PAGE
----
Chuks Chukwuemeka: Yes. Very, very fooled.

Jochen Becker: So we share, I put it in one file so I can send it to all of us, everyone has it, everyone has your email address and can contact you. And we keep on the discussion however we can manage it. And I thank you very much for your knowledge; I thank you also for your humour, your great humour. And I think it was really interesting to know in all the detail, and the complicated structures and the perspectives you could give us into the discussion. And I am very sure tomorrow we will continue and we will have it in mind. And I will come back to you afterwards and tell you what came out of it. And I will give a short report on that when I am back in Berlin. So thank you very much not to, Lagos, back to Benin.

Chuks Chukwuemeka: Okay my final remark. Most of the things if you go through the notes in any area you need some clarifications, because I am not only a trader, I also do my little research work, and handle conferences and understanding little about the things I do, like as you already hear from Mr. Jochen I collaborate with Chinafrika. Chinafrika is a great team, and it’s a great team work. We have a lot. We are a team now. So let’s get to work. So I thank you Linessa, I thank you oh come on please from Hong Kong, yes yes yes, Michael and the other guy from Zambia, and the sister did not talk, the sister sitting in the middle.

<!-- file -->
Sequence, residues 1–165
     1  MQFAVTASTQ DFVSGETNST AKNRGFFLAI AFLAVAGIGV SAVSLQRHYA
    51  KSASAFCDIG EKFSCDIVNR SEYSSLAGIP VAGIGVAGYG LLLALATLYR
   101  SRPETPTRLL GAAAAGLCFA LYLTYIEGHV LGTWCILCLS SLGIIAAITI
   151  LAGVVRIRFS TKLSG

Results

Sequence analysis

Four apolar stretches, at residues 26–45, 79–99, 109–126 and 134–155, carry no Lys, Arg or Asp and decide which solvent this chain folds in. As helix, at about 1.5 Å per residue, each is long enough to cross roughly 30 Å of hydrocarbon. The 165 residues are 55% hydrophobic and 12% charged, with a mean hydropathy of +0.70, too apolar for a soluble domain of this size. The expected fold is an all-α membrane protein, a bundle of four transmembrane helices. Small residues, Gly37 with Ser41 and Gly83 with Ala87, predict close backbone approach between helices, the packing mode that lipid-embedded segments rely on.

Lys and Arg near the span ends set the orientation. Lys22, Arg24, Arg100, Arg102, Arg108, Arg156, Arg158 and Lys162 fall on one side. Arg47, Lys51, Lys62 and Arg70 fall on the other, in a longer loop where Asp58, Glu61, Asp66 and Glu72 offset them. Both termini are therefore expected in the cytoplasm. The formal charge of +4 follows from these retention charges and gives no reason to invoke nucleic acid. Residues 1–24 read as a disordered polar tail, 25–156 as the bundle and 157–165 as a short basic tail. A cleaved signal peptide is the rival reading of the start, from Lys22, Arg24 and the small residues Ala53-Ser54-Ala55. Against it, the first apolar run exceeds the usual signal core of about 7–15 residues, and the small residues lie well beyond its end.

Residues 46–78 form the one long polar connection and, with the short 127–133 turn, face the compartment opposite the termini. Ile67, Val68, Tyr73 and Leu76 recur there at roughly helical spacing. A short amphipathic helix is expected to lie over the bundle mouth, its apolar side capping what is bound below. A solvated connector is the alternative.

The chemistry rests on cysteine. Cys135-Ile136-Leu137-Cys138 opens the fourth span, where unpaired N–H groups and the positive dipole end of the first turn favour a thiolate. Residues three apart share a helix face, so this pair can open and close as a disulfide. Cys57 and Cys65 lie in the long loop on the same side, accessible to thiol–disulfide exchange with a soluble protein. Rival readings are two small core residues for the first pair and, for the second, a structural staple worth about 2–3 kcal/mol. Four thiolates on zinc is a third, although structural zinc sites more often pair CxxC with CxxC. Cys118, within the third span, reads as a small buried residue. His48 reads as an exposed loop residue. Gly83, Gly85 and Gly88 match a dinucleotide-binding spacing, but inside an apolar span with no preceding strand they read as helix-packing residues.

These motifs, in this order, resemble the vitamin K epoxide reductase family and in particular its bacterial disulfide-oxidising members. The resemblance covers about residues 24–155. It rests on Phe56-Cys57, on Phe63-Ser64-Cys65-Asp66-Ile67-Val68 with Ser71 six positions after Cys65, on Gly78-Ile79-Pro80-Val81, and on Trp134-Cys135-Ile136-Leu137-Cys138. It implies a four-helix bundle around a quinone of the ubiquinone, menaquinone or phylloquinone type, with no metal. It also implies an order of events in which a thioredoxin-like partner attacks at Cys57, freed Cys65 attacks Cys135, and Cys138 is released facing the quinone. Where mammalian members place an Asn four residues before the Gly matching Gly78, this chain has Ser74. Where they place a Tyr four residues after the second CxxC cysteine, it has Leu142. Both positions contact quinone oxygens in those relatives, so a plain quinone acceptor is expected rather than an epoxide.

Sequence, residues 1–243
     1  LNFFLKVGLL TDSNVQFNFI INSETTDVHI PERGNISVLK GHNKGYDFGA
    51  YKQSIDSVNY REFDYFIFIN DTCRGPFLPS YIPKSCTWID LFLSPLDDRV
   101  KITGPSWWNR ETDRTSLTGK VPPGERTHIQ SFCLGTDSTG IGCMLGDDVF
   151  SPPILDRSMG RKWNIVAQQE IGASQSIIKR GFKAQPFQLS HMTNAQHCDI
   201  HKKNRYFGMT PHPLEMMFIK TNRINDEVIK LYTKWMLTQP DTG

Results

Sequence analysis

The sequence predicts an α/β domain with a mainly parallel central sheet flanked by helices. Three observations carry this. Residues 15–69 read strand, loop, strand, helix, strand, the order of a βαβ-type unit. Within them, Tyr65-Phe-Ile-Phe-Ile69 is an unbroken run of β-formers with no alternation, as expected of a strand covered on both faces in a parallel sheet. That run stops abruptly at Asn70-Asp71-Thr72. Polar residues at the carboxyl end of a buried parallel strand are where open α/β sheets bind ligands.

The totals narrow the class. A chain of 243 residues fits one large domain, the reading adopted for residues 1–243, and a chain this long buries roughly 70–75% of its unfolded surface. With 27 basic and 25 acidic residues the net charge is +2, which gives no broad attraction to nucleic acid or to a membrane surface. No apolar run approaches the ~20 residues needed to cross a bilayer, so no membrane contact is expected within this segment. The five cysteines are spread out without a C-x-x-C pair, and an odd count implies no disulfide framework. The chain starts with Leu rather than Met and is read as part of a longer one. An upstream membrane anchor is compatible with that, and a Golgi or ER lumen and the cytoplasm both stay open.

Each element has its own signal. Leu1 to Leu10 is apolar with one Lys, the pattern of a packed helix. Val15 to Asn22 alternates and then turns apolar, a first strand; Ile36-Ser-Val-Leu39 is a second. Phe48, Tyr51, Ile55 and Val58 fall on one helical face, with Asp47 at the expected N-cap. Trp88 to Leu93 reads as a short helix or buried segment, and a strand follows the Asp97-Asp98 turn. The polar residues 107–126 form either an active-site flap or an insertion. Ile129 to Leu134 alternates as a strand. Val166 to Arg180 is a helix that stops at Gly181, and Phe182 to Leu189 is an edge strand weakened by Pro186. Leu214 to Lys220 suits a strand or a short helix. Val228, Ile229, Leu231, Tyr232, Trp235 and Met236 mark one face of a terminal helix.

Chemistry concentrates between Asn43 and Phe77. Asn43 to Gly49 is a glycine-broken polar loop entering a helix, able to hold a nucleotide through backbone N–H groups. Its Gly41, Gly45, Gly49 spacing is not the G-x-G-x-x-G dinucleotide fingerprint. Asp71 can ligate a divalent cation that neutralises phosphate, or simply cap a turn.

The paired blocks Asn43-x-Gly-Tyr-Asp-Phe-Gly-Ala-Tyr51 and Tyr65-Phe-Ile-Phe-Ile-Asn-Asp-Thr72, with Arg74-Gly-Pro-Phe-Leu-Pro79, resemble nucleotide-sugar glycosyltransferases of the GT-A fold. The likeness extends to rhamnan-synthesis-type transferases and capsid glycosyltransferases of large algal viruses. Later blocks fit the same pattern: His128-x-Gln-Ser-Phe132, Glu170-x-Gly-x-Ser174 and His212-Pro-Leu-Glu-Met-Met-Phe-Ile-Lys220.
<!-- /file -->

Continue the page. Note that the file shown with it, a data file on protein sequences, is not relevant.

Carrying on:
Jochen Becker: There are two sisters.

Chuks Chukwuemeka: No she is looking back. She is the one I am talking to.

Feben Amara: Other one?

Chuks Chukwuemeka: No you you you you. Yes you you.

Jochen Becker: Maybe you just say something.

Feben Amara: Hi

Chuks Chukwuemeka: And the other one by the camera.

Nara Virgens: Hey I am Nara. We were writing emails.

Chuks Chukwuemeka: I want to believe that we will meet in the next Chinafrika Conference we will definitely meet. And if you want to go into business or you have something you want to know, or somebody that needs clarification feel free at any time to communicate with me, communicate with Daniel, with Jochen and I will be ready to give it my little knowledge so that it will be a great team. China/Africa it will be a great Team. Thank you.

Jochen Becker: That was great. See you soon. I will now switch off sorry because we have to leave we have people waiting. Thank you very much. Have a good time. Bye bye.